Braces For Five

Our braces journey began eight years ago when the dentist sent our son for a consultation with the orthodontist. Within weeks, my son’s mouth was full of metal. Thus began our initiation into the process of teeth-straightening.

Two years later, my son’s braces were removed to reveal a handsome smile. But our encounter with braces had only begun. Soon, our four daughters would also experience this modern-day rite of passage.

Not Ready Yet

My middle daughter was anxious to get braces. When she was only eleven, the dentist expressed his concern about the alignment of her teeth. Her bottom teeth were rubbing against the back of her front teeth, causing her upper incisors to become thinner. Since she was excited about the possibility of braces, it was the perfect time for a consultation.

Initially, the orthodontist advised against putting braces on until her adult teeth came in more fully. Until then, he recommended that she wear a bite plate, which would protect her front teeth from further damage. This strategy would also help decrease her overbite.

Two at a Time

Meanwhile, attention shifted to my oldest daughter, whose teeth we had assumed were straight enough. We were surprised when the dentist referred her for an orthodontic consultation when she was 17. Because her overbite was causing crowding of her lower teeth, we took the doctor’s advice and began treatment.

A few months later, my middle daughter was able to trade in her bite plate for the real deal as well. For a year, the two girls were braces buddies. It was convenient to schedule their appointments at the same time. We were pleasantly surprised when both girls were ready to get their braces off on the same day.

What About the Twins?

After the three older kids were wearing retainers to preserve their smiles, I looked with dismay at the twins’ teeth. For a while, one of the girls sported an extra row of teeth in front when the adult teeth failed to line up with the baby teeth. Although most of them eventually loosened and came out on their own, one had to be pulled.

Shortly before the girls’ twelfth birthday, our dentist referred them to the orthodontist. Both girls still had several baby teeth, which should have already come out on their own. We returned to the dentist to have them extracted so that orthodontic treatment could begin. A few weeks later, twin mouths boasted metallic smiles.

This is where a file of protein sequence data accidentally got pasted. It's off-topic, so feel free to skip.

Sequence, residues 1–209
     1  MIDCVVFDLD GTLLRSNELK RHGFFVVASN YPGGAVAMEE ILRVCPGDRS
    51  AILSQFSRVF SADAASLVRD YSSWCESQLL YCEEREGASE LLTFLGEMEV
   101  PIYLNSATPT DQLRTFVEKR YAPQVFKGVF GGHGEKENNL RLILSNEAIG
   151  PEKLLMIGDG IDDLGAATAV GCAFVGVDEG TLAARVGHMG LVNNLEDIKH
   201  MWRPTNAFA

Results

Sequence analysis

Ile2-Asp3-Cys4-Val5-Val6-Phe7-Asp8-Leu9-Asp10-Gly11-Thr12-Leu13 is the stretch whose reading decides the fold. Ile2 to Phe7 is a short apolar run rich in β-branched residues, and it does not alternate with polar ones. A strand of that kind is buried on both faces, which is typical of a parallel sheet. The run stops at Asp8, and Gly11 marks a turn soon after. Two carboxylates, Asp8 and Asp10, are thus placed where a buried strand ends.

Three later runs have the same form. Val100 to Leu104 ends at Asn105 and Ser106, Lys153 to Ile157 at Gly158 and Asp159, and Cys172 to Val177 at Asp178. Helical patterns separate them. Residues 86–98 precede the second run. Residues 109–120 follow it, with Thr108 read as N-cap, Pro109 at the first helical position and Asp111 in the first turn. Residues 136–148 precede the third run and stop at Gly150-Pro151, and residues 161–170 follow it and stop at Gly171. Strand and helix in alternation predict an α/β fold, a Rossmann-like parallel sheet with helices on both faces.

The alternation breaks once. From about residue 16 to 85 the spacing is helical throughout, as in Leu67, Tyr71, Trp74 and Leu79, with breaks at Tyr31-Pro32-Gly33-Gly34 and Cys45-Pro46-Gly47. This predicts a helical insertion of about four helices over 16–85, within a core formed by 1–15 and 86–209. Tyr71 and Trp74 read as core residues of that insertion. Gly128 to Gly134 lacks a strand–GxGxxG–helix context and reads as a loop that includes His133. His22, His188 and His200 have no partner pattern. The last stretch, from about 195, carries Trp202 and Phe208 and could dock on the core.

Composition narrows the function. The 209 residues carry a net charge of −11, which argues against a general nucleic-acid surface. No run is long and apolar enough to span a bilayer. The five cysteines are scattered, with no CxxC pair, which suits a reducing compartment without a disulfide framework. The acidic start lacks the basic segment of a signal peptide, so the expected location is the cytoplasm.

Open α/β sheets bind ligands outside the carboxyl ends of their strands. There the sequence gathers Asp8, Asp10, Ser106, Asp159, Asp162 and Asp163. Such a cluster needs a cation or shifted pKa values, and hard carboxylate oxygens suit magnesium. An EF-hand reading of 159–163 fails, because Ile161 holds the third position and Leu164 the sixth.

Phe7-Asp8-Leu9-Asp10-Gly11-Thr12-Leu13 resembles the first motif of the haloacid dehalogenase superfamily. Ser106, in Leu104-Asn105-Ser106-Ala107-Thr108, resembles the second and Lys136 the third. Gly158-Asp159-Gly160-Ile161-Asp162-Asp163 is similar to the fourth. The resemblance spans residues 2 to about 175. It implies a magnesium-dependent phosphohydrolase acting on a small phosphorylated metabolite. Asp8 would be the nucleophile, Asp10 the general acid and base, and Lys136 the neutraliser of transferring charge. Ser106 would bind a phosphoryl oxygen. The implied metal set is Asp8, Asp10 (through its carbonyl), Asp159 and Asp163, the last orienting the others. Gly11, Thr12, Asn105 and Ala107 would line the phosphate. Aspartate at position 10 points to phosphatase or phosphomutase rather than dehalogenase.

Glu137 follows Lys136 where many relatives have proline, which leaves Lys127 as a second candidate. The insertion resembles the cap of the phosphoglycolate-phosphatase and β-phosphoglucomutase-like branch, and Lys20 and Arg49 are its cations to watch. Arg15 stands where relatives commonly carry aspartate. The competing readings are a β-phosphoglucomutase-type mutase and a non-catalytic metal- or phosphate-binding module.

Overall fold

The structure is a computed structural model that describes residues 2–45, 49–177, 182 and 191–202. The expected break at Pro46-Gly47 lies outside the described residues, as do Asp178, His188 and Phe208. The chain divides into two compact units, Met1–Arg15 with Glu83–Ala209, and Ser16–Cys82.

This transition seemed far more dramatic for them than it had been for any of their siblings. With my son, I had been clueless about the process since I had never had braces myself. My oldest daughter never got braces until she was 17, and my middle daughter had been eager to get them. Neither of the twins shared her rare enthusiasm. Since they are my “babies,” they seemed too young to face the challenge of braces. Despite my worries, they weathered the transition like pros.

The Final Leg

Last month, one of the twins received fantastic news. It was time to schedule the appointment for her braces to be removed. Her two-minutes-older sister, on the other hand, needed to keep wearing hers. Would her culinary experiences on our upcoming trip to Taiwan be limited by braces?

At her next visit, the doctor delivered the good news. She could get her braces off in six weeks. Unfortunately, we were leaving for our trip in just five weeks!

When I alerted the staff to our tight schedule, they were eager to accommodate us. We scheduled my daughter’s next appointment for a week before our departure. During that visit, they would inspect her teeth. Assuming everything was well aligned, they would take impressions and make her retainers. Tentatively, she was scheduled to get her braces removed the day before we planned to head out of town.

And They’re Off!

During the second week in November, one twin celebrated a mouth free of braces. She was delighted to eat formerly forbidden foods like whole apples and baby carrots. During family movie nights, she could finally enjoy popcorn again.

The following week, her sister had impressions made and ordered retainers. Before we knew it, the long-awaited day arrived, and the final set of braces was removed.

Even though it’s tough to adjust to wearing retainers 24-7, the twins are thrilled to have braces behind them.


Now that all five of our kids are finished with active orthodontic treatment, I can breathe a sigh of relief. Having braces was challenging for the kids.

After orthodontic adjustments, their mouths were often sore. While struggling to keep their teeth clean, they all experienced swollen gums. Three kids had to pause treatment for a month or more to alleviate the gum issues, and one had to undergo laser surgery to trim the gums.

Extra visits to repair loose brackets, broken power chains, and pointy wires often interrupted our regular routine. I’m thankful that’s all behind us now. We made it!

Has your family experienced braces yet, or are they just a silvery glimmer on the horizon? Share your perspective in the comments.